prosecutors want fall trial in state
By Joanne Kelley
Rocky Mountain News
Saturday, June 3, 2006
Government prosecutors in the insider trading case against
former Qwest CEO Joe Nacchio asked a judge to move forward
with a fall trial date and to keep the high-profile case in
Colorado. Nacchio's attorneys had asked the court to delay
a trial until June 2007, citing the case's complexity and
also questioning whether the U.S. District Court in Denver
has jurisdiction in the case.
"The defendant exaggerates the complexity of this case and
should not be rewarded for his own tactical decision to
switch counsel after four years, on the eve of his
indictment," U.S. Attorney William Leone told a judge in a
court filing Friday.
Jeff Dorschner, spokesman for the U.S. attorney's office in
Colorado, declined to comment on the filings. An attorney
for Nacchio could not be reached for comment late Friday.
Federal Judge Edward Nottingham earlier indicated he likely
would set a trial date at a hearing this month.
Nacchio's attorneys had argued the case should not be tried
in Colorado in part because of the "pervasive negative
publicity" against Nacchio.
His lawyers also argued that the Denver court lacks
jurisdiction in the case because the stock trades were made
out of state.
But prosecutors countered Friday that Colorado has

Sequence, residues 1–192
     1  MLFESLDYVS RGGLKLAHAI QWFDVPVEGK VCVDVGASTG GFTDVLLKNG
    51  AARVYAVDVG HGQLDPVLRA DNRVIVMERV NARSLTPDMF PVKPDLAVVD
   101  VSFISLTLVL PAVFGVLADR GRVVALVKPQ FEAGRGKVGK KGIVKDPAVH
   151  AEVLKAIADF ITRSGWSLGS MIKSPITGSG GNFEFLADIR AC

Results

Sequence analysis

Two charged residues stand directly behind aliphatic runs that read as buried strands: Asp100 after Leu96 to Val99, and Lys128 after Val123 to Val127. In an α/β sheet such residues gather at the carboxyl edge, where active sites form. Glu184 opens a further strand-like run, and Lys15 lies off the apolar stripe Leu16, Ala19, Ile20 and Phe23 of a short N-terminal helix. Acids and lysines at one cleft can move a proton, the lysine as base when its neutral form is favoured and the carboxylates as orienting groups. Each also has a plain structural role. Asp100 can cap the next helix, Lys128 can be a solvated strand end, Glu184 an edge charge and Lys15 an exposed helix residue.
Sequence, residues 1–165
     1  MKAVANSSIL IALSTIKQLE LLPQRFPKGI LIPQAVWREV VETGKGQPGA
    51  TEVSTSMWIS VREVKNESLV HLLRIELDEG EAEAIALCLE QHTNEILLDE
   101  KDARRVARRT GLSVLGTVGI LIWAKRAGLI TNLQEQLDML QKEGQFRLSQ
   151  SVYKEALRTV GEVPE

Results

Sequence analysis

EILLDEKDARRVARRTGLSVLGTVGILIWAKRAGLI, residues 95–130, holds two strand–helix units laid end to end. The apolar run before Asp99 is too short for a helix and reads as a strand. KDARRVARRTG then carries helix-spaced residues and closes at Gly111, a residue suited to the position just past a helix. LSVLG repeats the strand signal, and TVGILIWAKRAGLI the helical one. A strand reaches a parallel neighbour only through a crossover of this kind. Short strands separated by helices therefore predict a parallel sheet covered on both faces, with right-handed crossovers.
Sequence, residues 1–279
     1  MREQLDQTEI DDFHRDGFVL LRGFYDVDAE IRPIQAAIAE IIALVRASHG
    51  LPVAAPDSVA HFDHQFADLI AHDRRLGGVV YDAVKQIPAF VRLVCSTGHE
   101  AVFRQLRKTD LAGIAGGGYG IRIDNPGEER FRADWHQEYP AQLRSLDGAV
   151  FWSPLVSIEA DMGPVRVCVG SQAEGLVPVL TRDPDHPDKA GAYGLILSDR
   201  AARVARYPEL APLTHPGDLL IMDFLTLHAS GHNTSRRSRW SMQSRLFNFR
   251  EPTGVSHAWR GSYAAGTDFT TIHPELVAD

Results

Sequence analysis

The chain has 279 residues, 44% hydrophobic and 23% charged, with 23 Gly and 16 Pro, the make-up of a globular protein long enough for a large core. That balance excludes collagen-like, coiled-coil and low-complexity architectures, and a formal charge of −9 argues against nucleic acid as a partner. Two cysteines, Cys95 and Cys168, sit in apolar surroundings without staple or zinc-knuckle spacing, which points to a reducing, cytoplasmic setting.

jurisdiction for several reasons, including: Qwest's
headquarters are in Denver; Nacchio's office was based
here; and Nacchio acquired in Colorado most of the
nonpublic information alleged in the indictment.
Former Enron Corp. executives argued unsuccessfully to have
their trial moved outside of the Houston area to a city
where the company's collapse had less of an economic impact.
A federal grand jury indicted Nacchio in December on 42
counts of insider trading involving $100 million of Qwest
sales in 2001. The charges followed a long-running federal
probe of Qwest.
In another court filing Friday, the prosecutors also
disputed Nacchio's allegations that the government engaged
in misconduct that improperly influenced the grand jury
decision to indict Nacchio on insider trading.
Prosecutors also this week told a judge that defense lawyers
need to be more specific about classified information they
may want to use.
In a court filing Thursday, Leone said Nacchio's lawyers
must identify what material they plan to use so the judge
can determine whether information should be redacted.
Leone requested a hearing on the matter.
Defense attorneys have suggested Nacchio may have known
about lucrative national security work that could have made
him optimistic about Qwest's future.
A pretrial conference is set for June 9.
+ 5 cents
kelleyj@RockyMountainNews.com or 303-892-5068